It is no secret that Americans are in love with the idea of love. Television programs such as Millionaire Matchmaker and The Bachelor enthrall the masses and bring viewers to tears. While not everyone can find true love on a reality show, singles still have a wide variety of options when looking to meet new people. From speed dating, to dimly lit bars, to church functions, people seek out love in all corners of their lives. One of the most common forms of courtship, however, has been exponentially gaining momentum and criticism in recent years: dating apps. The less-than-stellar reputation that dating apps have obtained largely centers around the idea that they have “killed romance”, an assertation that has been made by a variety of news sources and public figures over the past decade. While these critiques make catchy headlines, they could not be further from the truth. Dating apps are not hindering true love, but rather helping to share it with millions in a more efficient way than ever before by allowing for new types of romantic expression, allowing more personality-driven dating, and by creating connections between kindred souls who may have otherwise never even met.
It is near impossible to discuss the consequences that dating apps have had on romance without analyzing the way that culture traditionally views romantic love in the first place. In the western world most people’s main exposure to romantic ideals is through media such as movies, books, diamond commercials, and even advertisements for marriage counseling. This kind of media exposure has an important impact on the way that individuals perceive themselves and others. The content that people ingest can be so influential that the American Psychological Association created a division in the late 1980’s centered around media psychology in order to study the effects that the media consumption has on human brains and behavior (Society).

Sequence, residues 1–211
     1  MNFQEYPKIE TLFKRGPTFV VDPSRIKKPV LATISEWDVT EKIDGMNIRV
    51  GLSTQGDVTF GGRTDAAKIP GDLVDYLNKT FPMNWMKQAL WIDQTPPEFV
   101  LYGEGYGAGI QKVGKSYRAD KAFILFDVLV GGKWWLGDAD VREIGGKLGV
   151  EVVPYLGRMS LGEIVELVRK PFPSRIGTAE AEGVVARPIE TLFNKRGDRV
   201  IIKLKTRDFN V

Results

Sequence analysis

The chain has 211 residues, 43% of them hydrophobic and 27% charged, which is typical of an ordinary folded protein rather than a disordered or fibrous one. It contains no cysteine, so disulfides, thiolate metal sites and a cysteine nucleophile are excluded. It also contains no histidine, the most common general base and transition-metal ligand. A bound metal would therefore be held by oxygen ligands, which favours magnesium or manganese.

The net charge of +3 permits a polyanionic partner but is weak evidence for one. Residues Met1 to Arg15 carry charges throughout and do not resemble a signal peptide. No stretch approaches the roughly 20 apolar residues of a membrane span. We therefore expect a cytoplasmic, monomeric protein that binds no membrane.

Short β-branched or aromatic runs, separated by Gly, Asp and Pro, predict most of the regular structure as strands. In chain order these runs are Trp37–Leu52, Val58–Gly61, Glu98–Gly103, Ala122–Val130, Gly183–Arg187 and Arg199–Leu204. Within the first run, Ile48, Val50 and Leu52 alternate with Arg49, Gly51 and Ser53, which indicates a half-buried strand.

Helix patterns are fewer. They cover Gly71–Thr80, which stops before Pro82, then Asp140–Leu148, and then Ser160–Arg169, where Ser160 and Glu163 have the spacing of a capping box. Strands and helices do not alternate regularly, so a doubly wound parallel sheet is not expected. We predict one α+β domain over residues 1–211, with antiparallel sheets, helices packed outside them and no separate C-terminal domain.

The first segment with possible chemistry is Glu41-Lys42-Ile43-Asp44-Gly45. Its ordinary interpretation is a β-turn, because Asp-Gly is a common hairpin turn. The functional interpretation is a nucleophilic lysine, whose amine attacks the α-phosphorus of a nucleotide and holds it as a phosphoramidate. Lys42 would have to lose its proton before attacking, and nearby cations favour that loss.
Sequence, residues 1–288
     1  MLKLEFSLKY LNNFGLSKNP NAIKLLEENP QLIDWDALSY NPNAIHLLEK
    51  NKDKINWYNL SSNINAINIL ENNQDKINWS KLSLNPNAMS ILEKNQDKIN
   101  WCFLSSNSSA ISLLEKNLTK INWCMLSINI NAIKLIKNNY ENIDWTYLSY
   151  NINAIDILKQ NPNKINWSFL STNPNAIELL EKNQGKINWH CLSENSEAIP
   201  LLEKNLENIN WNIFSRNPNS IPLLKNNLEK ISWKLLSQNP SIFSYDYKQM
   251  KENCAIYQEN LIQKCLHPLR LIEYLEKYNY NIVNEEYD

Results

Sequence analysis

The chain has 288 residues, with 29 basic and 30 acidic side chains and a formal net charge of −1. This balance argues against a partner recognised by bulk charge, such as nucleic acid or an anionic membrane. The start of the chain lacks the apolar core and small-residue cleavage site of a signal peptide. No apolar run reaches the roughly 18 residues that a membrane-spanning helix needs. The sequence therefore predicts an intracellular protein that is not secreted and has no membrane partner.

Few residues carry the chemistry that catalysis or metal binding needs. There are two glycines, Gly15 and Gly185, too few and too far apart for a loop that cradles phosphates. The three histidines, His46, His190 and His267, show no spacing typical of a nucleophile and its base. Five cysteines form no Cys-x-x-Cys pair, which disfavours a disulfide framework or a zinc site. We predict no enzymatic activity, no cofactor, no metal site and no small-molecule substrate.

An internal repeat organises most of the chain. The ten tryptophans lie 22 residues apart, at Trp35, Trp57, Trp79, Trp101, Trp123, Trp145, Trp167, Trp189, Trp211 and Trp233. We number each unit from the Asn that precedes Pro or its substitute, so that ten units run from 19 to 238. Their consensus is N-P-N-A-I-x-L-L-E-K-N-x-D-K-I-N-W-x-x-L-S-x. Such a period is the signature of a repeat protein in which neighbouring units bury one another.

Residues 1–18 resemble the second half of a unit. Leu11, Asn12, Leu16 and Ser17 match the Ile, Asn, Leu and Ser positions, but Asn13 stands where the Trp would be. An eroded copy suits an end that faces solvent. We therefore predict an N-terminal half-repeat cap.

While romance is an incredibly popular and diverse genre, similar themes continuously appear in romantic media that the public takes in. Couples often meet as strangers, or at least re-meet after a period of separation, and the main content of the story frequently centers around a shy or quirky woman handling, or sometimes even rejecting, the advances and spontaneous acts of devotion performed by her male counterpart. Such stories are usually filled to the brim with dramatic tension, heart-fluttering passion, or hilariously cute antics which enthrall viewers and flood them with envy and oxytocin alike. These movies and books have glamorized the spur-of-the-moment meeting at a cute coffee shop or in the workplace elevator for years, creating scenes that have become socially ubiquitous and infiltrated the daydreams of millions of men and women alike.